SPER Power Meter
From the SPER web site
These tiny meters are less than 3/4” thick, weigh only 4oz (120g) and are easily carried in a shirt pocket. The controls, display and sensor are all neatly contained and protected within the folding case. Directions are printed right inside the cover. When open, the sensor may be extended for remote use or snaps into a fixed position atop the case. All units feature relative temperature, min-max, bar graph display, auto power off, hold functions and indicate low battery and over range. Powered by 2 button cell batteries (included). Meter Dimensions: 4.5” x 3” x 3/4” (177 x 76 x 18mm).
- Range: Calibrated at 633 nm but can also read any other wavelength in the 400~1100 nm range using a chart inside the case cover.
- Resolution: 40.00 uW, 400.0 uW, 4.000 mW, 40.00 mW
- Accuracy: +/-5%@calibrated, wavelength 633 nm / 1mW
- Cord length:15"
- Probe Dim: 3½" x ½" x ½" (84 x 16 x 10mm)
- Operating Temp: 0~40ºC
- Operating RH: 80% non condensing, maximum
With the specs out of the way, how well does this meter work for holography? Very well. It holds calibration well and is easy to use with non-633nm lasers (at least it is with 532nm). The conversion chart makes it easy to figure the ballpark power output for laser not at 633nm and with the four scales it also makes a good meter for computing exposure times.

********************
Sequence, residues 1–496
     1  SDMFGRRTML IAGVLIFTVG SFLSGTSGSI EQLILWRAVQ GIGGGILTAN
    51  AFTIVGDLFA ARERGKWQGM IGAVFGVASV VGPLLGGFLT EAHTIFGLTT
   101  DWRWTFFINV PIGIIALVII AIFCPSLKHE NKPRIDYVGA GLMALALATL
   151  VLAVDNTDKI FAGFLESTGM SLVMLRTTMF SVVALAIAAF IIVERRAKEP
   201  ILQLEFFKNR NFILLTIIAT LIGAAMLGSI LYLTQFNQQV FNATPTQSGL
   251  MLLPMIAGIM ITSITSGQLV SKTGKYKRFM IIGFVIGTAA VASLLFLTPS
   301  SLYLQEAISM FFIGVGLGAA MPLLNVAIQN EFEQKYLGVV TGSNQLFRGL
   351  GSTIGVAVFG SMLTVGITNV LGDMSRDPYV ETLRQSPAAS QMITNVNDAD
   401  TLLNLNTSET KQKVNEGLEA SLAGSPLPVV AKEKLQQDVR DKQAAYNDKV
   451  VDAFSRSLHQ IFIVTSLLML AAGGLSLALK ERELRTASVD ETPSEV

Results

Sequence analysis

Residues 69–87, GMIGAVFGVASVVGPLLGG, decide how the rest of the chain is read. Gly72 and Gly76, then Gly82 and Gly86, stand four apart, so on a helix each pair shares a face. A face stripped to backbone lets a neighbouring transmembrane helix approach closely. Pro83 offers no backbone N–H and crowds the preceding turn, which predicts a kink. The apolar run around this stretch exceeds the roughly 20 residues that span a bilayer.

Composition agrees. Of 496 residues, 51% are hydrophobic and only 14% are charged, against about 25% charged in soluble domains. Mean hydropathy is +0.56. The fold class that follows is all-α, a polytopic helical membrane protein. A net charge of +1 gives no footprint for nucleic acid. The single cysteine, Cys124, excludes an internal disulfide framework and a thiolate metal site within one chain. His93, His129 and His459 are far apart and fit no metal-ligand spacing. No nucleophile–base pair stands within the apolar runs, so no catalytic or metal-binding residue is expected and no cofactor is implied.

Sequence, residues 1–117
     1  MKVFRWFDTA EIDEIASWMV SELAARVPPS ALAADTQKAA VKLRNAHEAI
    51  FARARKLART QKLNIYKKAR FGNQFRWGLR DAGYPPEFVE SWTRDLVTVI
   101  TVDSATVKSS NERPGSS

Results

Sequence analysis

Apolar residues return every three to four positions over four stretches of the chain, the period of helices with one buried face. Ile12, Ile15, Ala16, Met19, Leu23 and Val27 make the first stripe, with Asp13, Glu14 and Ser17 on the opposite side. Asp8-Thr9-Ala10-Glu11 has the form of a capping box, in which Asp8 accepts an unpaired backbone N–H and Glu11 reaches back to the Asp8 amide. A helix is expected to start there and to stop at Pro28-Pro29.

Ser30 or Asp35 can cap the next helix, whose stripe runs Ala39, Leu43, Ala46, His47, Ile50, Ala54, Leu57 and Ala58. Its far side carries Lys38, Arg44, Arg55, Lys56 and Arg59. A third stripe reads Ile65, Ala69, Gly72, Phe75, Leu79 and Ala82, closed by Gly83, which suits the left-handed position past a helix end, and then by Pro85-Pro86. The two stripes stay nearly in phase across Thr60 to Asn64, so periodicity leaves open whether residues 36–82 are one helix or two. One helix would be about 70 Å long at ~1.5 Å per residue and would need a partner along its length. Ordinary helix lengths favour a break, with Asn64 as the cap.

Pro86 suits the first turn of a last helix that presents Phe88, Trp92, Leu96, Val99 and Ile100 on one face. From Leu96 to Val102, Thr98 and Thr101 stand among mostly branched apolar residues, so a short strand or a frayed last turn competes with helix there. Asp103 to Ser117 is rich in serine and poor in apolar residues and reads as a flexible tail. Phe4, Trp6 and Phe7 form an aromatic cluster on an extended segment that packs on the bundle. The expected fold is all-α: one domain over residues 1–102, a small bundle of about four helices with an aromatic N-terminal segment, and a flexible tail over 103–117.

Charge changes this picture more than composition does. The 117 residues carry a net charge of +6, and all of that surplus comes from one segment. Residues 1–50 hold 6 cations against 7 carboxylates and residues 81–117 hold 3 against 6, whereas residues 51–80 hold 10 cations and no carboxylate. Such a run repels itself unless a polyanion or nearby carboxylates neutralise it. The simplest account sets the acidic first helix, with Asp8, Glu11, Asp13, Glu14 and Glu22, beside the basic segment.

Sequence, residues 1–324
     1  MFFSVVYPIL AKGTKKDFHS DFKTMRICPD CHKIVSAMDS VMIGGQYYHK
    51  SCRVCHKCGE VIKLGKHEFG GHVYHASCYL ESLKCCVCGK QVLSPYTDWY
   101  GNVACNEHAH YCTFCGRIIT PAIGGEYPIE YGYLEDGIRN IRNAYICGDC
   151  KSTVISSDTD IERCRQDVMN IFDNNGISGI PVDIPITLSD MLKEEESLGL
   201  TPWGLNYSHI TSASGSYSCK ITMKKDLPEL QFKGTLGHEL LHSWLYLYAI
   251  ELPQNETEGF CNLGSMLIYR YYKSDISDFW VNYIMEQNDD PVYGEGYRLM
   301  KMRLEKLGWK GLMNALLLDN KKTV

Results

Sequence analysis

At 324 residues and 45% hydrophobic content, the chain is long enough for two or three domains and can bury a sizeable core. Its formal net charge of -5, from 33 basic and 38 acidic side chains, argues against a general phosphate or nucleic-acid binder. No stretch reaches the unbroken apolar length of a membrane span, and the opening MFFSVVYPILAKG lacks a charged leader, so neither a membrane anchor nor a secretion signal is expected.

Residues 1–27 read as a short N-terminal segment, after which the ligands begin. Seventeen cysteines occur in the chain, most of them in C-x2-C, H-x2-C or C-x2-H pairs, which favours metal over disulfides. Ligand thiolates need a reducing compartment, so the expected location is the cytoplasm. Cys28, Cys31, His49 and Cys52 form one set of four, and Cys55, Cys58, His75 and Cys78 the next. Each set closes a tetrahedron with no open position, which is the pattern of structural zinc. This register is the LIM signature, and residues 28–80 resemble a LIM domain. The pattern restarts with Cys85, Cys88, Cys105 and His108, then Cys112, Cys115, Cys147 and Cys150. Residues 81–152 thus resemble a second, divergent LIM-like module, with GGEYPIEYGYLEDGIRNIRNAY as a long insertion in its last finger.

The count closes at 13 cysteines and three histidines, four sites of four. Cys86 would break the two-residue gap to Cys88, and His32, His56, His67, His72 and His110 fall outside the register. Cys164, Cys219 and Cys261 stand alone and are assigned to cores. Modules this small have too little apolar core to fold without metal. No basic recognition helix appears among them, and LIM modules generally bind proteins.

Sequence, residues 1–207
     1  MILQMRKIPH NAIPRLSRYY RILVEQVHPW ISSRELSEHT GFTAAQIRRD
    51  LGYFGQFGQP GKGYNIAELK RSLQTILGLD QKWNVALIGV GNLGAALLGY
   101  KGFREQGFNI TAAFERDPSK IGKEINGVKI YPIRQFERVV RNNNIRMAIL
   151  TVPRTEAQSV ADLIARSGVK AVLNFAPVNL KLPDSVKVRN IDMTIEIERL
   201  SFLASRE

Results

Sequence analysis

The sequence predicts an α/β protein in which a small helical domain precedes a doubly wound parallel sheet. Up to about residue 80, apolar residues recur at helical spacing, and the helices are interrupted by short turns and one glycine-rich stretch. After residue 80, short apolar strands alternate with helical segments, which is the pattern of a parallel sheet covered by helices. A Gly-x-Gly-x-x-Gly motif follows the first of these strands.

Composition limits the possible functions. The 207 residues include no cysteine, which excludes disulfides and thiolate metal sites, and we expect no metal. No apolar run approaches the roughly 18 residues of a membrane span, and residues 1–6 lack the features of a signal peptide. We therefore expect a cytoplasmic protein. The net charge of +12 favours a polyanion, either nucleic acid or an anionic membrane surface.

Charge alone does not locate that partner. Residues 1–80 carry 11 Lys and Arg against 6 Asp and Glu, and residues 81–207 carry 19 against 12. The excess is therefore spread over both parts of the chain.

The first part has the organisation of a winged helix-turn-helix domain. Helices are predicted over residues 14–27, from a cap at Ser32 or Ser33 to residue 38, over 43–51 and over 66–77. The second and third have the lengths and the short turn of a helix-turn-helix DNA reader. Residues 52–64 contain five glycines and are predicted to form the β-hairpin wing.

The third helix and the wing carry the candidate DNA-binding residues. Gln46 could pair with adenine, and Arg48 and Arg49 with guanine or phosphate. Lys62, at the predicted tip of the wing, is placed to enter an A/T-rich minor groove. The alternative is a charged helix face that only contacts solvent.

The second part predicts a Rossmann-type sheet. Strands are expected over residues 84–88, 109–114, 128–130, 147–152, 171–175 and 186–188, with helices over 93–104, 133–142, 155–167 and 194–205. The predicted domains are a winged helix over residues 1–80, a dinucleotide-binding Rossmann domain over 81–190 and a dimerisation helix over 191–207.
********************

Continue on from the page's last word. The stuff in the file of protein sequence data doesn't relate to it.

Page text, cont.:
Simple Homebuilt Exposure Meter
Homemade power meters
If you have a solar cell and a Ohm Meter that will read current then you simply need to connect them together. The output of a solar cell is linearly proportional to the light hitting the surface. There is no way to calibrate it but you will be able to get relative measurements quite easily. It is quite important that you do not try to read voltage as that is not a linear relationship.
Here's something you might be interested in. I just bought a thermopile meter for 300 bucks. New surplus. More are available.
In case some of you don't know what a thermopile meter is I'll explain. Most of our meters have a silicon detector or something like that. Perfect for expanded and diffuse beams but if you put a laser of any real power into it the sensor would be burnt out. Also they are small sensors, It's usually impossible to get the entire raw beam into the active area. The disk on this thermopile is 1/2 inch large. More than enough to get any holography laser into the sensor area.